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Medicineworld.org: New asthma predictors needed

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New asthma predictors needed




Screening tests used to predict asthma activity in patients may have little tracking success when applied to people with persistent disease who are adhering to their health care regimens, UT Southwestern Medical Center doctor report.

Prior reports have suggested that certain clinical findings and laboratory tests could help predict future asthma attacks. Those earlier conclusions, however, were based on observations of patients with poorly controlled asthma who had not received care based on current guidelines.

The newly released study appears in the recent issue of the Journal of Allergy and Clinical Immunology.



New asthma predictors needed

"It was surprising to find that factors often used to predict future asthma risk in poorly treated populations were of no clinical benefit when applied to a well-treated, highly adherent population of inner-city adolescents and young adults with persistent asthma," said Dr. Rebecca Gruchalla, chief of allergy and immunology at UT Southwestern and the newly released study's main author.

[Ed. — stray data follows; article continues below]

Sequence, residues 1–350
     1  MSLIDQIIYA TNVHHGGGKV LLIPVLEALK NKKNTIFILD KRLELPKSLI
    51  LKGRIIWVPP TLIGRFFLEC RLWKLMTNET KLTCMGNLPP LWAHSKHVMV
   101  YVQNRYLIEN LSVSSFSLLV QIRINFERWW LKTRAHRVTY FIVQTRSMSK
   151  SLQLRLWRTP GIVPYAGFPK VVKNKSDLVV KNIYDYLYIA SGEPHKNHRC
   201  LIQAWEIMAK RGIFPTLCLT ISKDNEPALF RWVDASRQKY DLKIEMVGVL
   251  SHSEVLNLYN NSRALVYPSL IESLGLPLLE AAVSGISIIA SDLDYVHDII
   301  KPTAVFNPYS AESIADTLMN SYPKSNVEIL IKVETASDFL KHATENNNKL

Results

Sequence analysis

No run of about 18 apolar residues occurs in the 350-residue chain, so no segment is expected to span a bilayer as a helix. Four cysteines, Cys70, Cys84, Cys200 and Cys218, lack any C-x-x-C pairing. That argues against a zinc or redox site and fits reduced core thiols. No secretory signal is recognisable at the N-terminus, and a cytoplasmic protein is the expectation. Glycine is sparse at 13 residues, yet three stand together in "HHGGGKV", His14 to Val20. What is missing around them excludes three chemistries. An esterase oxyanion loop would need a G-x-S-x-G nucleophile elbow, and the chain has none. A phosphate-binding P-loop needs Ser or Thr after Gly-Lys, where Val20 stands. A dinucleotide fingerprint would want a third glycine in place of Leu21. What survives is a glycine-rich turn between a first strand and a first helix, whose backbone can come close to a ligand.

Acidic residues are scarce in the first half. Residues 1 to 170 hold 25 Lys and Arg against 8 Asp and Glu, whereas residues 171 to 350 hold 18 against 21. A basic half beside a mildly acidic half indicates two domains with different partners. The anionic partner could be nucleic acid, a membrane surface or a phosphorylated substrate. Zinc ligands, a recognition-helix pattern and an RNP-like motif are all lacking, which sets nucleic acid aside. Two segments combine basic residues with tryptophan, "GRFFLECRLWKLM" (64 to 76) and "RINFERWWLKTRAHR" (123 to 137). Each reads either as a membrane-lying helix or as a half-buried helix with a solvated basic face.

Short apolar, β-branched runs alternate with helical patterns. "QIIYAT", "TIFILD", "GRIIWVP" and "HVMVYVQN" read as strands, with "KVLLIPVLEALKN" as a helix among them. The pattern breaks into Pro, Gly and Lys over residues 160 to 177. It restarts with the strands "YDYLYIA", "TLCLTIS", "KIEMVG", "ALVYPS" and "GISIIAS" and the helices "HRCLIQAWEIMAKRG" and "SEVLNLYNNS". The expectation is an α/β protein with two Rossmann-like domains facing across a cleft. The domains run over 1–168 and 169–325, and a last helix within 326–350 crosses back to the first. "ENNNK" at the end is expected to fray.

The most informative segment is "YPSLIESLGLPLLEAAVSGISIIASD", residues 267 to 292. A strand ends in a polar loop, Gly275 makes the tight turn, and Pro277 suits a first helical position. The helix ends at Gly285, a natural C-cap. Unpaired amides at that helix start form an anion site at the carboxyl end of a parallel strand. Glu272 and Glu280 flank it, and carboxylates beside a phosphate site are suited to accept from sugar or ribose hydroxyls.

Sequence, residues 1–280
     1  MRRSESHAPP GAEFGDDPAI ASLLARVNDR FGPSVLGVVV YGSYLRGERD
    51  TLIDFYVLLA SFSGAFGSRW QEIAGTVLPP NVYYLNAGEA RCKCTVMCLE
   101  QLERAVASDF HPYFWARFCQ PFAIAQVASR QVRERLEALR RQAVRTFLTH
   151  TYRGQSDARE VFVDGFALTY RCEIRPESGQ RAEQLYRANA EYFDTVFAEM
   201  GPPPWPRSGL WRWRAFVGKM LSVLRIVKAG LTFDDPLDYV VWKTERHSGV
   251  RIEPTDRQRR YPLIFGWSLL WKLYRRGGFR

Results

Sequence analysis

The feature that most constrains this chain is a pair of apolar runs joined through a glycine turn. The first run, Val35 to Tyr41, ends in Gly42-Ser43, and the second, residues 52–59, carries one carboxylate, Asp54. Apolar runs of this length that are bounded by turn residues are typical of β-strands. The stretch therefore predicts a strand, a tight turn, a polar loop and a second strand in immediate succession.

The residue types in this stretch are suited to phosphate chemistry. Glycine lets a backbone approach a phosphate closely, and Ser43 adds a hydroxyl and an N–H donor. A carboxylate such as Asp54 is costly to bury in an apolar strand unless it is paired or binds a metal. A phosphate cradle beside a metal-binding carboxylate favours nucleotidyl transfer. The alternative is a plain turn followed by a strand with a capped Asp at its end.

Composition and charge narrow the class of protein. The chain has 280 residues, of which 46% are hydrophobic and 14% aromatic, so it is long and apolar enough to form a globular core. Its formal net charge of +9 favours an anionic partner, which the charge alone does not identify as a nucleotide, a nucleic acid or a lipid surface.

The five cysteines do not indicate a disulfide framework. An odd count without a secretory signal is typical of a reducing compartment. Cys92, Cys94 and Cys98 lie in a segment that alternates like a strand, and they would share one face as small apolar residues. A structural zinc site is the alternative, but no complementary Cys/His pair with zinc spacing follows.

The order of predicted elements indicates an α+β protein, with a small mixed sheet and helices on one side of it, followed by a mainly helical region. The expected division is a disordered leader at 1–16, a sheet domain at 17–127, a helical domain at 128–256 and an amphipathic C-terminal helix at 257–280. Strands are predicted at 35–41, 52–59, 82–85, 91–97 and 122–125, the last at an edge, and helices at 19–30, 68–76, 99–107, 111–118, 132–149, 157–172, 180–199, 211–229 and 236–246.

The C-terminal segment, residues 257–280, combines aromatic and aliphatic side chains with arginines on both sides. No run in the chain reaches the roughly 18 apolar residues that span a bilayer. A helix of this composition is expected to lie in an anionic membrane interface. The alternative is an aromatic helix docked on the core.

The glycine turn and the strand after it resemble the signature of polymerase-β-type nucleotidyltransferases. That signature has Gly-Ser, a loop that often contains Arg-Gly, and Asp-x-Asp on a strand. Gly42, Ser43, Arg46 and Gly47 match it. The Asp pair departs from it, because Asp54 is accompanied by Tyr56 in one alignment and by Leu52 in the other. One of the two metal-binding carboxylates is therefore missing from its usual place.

Early identification of adolescents and young adults at risk for asthma progression may lead to better therapy opportunities and improved disease outcomes in adulthood.

Typically the study involved 546 adolescents and young adults between the ages of 12 and 20 with persistent asthma, a complex disease of the airways that is characterized by variable and recurring symptoms, airflow obstruction, bronchial hyperresponsiveness and underlying inflammation.

The patients, who were in 10 cities across the U.S., received care based on National Institutes of Health (NIH) guidelines for 46 weeks and adhered to the therapy regime. Despite the large number of disease characteristics examined, none was found to be especially useful in predicting future disease activity.

In order to evaluate patient characteristics that best predicted future asthma symptoms and exacerbations, scientists looked at traditional measurements of disease activity, such as frequency of asthma symptoms and lung function, as well as various markers of inflammation and allergic hypersensitivity.

"These findings highlight the need for us to identify better clinical predictors of asthma morbidity in patients who are both well-treated and who are compliant with their therapy regimes," said Dr. Gruchalla.


Posted by: JoAnn    Source




Did you know?
Screening tests used to predict asthma activity in patients may have little tracking success when applied to people with persistent disease who are adhering to their health care regimens, UT Southwestern Medical Center doctor report. Prior reports have suggested that certain clinical findings and laboratory tests could help predict future asthma attacks. Those earlier conclusions, however, were based on observations of patients with poorly controlled asthma who had not received care based on current guidelines.

Medicineworld.org: New asthma predictors needed

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